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How to Automate Repetitive Browser Form Actions

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Difficulty:IntermediateLength:MediumLanguages:

In today's busy world, anything that can save you time, sanity, and keystrokes, while adding accuracy, and consistency is a big win.

In this tutorial I'll show you how to employ Keyboard Maestro to automate away repetitive browser actions. I'll cover 

  • altering form fields like dropdown menu values
  • entering pre-written text snippets
  • adding conditional logic with text parsing for checking accuracy
  • automatic form submission. 

This will aid you in completing mind-numbing tasks in just a few keystrokes.

As a practical example, I'll manipulate forms on a website called Help Scout. You can easily apply these examples to browser forms in almost any web application to save you time.

Manipulating Form Data and Submitting Forms

This example demonstrates how typing just a few characters, as a trigger, allows you to change the value of a drop down field and then activate the form's submit button.

The first thing you need to do is start Keyboard Maestro, select the Safari Macros group, click the + to add a new macro, and give it a name. Name the example macro helpscout send + set pending.

Creating a macro
Creating a macro

Now add a trigger for your newly created macro. Choose Typed String Trigger here.

Setting a new trigger
Setting a new trigger

The next step is to set a typed string that will stick in your head and is unique. Use a trigger sequence plus a mnemonic for any of your triggers. 

For this trigger enter the following value for a typed string: ,,hsp The double comma is the trigger sequence (it's highly unlikely you'll type that for anything else) and the mnemonic is Help Scout Send Pending.

Entering a typed trigger
Entering a typed trigger

You'll use Safari's built in developer tools to identify some form field names and values, and use Keyboard Maestro to set them when you activate the trigger you just set up.

The first step is to secondary-click the form field you wish to alter and select Inspect Element.

Inspecting dropdown element
Inspecting dropdown element

Now drill down and see the option values available. 

Note in the example how the field label status is in the inspect window on the line that reads <label for="status">Status:</label>. The value you're after is highlighted <option value="2">Pending</option>

Now you know what value to set your drop down form field to in Keyboard Maestro.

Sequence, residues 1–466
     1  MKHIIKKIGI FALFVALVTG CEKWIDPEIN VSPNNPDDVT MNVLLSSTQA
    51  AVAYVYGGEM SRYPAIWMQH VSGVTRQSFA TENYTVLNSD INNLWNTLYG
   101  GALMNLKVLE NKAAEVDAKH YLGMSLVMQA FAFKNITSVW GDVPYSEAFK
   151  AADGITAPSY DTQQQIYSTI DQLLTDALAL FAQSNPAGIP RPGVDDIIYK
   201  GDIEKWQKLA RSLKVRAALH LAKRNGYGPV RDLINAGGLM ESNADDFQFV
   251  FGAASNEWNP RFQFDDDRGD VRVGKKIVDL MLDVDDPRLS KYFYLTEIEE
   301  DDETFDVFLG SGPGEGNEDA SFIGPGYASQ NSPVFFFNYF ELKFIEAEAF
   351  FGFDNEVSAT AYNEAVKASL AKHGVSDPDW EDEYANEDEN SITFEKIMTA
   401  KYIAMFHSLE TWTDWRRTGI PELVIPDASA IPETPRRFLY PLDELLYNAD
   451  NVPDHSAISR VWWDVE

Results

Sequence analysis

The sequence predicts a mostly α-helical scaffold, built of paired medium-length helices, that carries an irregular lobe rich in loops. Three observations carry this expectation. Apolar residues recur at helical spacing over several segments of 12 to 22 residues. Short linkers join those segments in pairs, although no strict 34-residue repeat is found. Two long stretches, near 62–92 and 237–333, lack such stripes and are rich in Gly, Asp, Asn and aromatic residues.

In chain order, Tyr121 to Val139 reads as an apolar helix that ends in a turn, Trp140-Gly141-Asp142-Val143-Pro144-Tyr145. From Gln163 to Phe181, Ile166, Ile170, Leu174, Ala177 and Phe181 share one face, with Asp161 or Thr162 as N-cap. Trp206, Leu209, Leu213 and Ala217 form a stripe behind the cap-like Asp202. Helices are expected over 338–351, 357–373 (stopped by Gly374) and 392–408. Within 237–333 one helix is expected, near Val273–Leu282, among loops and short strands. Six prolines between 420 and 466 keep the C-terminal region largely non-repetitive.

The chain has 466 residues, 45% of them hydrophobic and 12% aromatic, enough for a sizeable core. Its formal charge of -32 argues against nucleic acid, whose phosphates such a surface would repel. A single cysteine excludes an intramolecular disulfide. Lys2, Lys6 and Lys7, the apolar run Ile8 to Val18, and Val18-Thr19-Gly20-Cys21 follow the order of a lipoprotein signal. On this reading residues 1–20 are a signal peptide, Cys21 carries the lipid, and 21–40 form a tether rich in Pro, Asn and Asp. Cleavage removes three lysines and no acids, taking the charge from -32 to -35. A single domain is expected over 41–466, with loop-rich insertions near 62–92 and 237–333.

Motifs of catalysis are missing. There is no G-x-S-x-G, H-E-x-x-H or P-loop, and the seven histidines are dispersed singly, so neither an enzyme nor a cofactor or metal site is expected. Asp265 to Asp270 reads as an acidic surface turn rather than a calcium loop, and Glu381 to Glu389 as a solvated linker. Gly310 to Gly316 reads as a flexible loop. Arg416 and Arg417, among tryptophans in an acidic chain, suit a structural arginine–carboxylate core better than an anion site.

Finding the form value
Finding the form value

Now you need to add another Safari action like you did earlier. This time you're going to pick Set Safari Field to Text.

Set Safari field to text
Set Safari field to text

Next click the word Safari just below the Try button and pick the field identified earlier, document.forms["tkReplyForm"]["status"].

Select Safari field
Select Safari field

Then set the field to the value you found earlier, 2.

Set Safari field value
Set Safari field value

You've now completed the steps necessary to change the value of the form field to select the desired choice. Next is to activate the submit button. 

Secondary-click on the desired submit button and find the Button ID that goes with it, so you can tell Keyboard Maestro to do something with it. In the example you're looking for the button text Send Reply

Note that the ID is sendBtn.

Inspect Safari button
Inspect Safari button

Add another Safari Control called Focus Safari Field. Once again click the word Safari below the Try button to find the field you just identified in the previous step. 

In the example it is document.forms["tkReplyForm"]["sendBtn"].

Focus Safari form button
Focus Safari form button

Now that the button has focus, you can activate it by emulating the pressing of the return key. 

Add an action, but this time click on All Actions and in the search field type keystroke. Type a Keystroke is the action you need. 

Once that is added, choose the keystroke Return from the dropdown to simulate it.

Add return keystroke
Add return keystroke

The action is now ready to use. Here is a screenshot of me emailing myself within Help Scout, to see the example in action. You should do the same type of test in your example now.

Example form before macro is run
Example form before macro is run

Note here how I've typed out ,,hs and am about to complete the trigger sequence by pressing p.

Example form executing macro
Example form, executing macro

…and voila, the status has been changed to pending and the form submitted.

Example form macro execution complete
Example form, macro execution complete

Automatic Text Entry and Verification

In the second example I'll show you how to automatically insert prewritten text snippets, verify it is a correct entry before submission, and throw a visual exception if it wasn't. This means you can manually intervene before the form is submitted. I'll continue in the context of the Help Scout web interface for consistency across examples.

The first step is to add a typed string trigger. As before, start the trigger with ,, and then add htv for the mnemonic Help Scout text verification.